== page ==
Of course positioning a Deity as any one thing alone is always problematic. A God, any God is never just savage or nice. They *are*. They are in a fullness and complexity of Being that I don’t really think we as human beings quite have the capacity to comprehend at all. We may catch glimpses, but the totality is too immense for us to do more than gnaw upon. Think about the story of Dionysos’ Mother Semele. When She was tricked into forcing Zeus to reveal Himself in the fullness of His power it burned Her to ash. A human being, as we are now, simply does not have the capacity to behold the Gods in Their fullness. The masks They wear are necessary but every so often, oh every so often we get a glimpse of some of the roaring Power that lies beneath.
So yes, Dionysos is nice. I can also attest He’s been incredibly nice and gentle with me. but …that’s not the part the average person is going to erase in their minds, I think. We know He’s nice. That’s not the part most people want to forget.
I saw this over the years with Odin. Any mention of Odin’s darker sides — and oh, He is a terribly savage God. Anyone who thinks His veneer of civilization and culture is anything more than a carefully calculated mask is deluding themselves.—His penchant for ordeal, His violence, His savagery inevitably led to claims that I was making this God into a sadist. “That’s not my Odin.” (#notallOdins) No, buttercup, but it is Odin. Maybe it’s not what He’s showing you, but it is absolutely His nature. The best of us learn to revel in it. Those who can’t? Well, there’s always British TV, fanfiction, and pop culture.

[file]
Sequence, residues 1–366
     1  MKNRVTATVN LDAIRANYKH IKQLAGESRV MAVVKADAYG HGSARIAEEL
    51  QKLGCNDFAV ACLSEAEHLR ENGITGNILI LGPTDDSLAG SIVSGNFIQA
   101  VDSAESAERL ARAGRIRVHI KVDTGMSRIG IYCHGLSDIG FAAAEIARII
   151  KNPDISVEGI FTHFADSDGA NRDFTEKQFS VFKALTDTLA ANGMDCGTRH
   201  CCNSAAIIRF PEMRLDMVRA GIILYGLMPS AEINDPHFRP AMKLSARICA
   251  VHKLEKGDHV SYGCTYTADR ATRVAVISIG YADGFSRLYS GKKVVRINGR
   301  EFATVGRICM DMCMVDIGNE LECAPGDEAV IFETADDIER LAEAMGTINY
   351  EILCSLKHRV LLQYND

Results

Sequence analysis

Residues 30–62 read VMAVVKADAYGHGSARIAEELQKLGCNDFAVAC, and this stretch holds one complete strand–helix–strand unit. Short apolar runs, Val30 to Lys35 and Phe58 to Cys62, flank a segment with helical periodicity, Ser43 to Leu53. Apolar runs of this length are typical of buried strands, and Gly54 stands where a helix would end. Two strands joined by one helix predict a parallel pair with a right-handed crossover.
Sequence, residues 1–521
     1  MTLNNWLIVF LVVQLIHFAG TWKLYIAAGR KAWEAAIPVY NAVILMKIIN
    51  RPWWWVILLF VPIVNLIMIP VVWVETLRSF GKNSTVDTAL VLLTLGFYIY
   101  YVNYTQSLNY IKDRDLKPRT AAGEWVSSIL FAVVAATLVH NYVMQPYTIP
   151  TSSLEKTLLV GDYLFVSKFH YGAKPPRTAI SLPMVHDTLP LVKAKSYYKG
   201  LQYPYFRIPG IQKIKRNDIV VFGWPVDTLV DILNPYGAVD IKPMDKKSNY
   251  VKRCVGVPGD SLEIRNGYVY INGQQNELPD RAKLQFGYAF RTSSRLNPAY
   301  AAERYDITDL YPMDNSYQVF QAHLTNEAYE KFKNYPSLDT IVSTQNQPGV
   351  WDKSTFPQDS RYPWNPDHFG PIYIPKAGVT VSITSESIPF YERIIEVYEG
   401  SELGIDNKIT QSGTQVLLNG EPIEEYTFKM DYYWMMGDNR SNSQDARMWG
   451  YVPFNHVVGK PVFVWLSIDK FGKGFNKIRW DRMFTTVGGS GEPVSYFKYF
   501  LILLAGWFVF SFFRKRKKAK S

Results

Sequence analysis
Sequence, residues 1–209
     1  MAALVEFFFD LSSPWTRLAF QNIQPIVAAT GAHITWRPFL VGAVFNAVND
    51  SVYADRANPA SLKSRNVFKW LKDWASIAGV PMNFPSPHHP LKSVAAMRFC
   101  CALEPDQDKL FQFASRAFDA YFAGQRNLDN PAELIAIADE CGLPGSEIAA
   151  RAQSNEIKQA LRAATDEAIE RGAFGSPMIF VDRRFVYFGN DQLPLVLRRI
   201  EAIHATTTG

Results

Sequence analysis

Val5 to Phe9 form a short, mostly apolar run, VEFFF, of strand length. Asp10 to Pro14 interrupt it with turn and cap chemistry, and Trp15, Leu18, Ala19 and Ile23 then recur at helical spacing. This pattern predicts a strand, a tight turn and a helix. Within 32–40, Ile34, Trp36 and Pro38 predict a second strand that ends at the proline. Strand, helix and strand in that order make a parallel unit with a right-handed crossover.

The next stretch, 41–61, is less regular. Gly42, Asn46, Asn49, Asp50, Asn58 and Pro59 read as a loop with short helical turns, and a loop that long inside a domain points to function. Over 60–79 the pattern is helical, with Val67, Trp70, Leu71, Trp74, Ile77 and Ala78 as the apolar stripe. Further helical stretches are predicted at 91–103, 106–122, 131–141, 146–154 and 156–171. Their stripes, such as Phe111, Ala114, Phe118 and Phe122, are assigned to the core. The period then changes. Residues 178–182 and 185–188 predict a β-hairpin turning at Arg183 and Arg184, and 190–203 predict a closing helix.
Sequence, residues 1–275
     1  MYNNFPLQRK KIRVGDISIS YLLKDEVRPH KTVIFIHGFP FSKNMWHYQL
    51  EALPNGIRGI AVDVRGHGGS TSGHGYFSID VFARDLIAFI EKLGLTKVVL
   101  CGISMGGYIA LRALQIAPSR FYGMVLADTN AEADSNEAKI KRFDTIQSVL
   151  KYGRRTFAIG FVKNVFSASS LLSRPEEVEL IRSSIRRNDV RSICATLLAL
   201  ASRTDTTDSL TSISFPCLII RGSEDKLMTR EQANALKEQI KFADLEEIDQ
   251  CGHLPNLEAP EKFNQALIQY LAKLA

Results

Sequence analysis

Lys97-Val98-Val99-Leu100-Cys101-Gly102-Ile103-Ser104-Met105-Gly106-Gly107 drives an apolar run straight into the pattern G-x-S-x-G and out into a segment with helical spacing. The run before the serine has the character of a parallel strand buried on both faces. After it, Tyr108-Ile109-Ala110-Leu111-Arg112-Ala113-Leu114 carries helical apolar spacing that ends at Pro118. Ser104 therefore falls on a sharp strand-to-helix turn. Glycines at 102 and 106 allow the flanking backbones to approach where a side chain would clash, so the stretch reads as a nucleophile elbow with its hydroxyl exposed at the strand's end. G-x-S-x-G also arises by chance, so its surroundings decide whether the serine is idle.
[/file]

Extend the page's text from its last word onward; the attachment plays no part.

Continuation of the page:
There’s a movie that several people in the conversation brought up, one that has strong Dionysian overtones: “The Witch.” In this movie, the Devil in the shape of a black goat drives a rather neurotic Puritan family to ruin. Well, they drive themselves to ruin, and the goat just does what demonic goats do. (#goatlivesmatter). In the end, the goat transforms into a man and asks the surviving daughter: “Do you wish to live deliciously?”
We agreed that this is Dionysos.
This is the Liberator. I have my suspicions that many of the medieval images of Witches’ sabbats were cultural memories of Bacchanalian frenzies with all the potential savagery that might entail. (#livedeliciously).
We should be careful what we do to our Gods. One thing I’ve learned venerating the Norse Gods is this: if we insist on allowing Them only one avenue of manifestation, only one mask, They’ll take it but it won’t be the best outcome for us. We will get the Gods we deserve. When we deny Them the fullness of Their being, we start denying ourselves too and as that movie so beautifully showed, repression never leads anywhere good. (#lokiwivesoftumblr).
So maybe let us live deliciously.
Especially where our Gods are concerned.
I am not an ethicist. Firstly, I belong to Odin; secondly, I find many of the accepted ethics of modernity questionable, so I find it rather amusing in an ironic sort of way that over the past few days I’ve found myself having discussions on just that: ethics, discussions in which I am in the position of defending Enlightenment values. Oh well, I’m sure the denizens of Hell are enjoying their winter sports.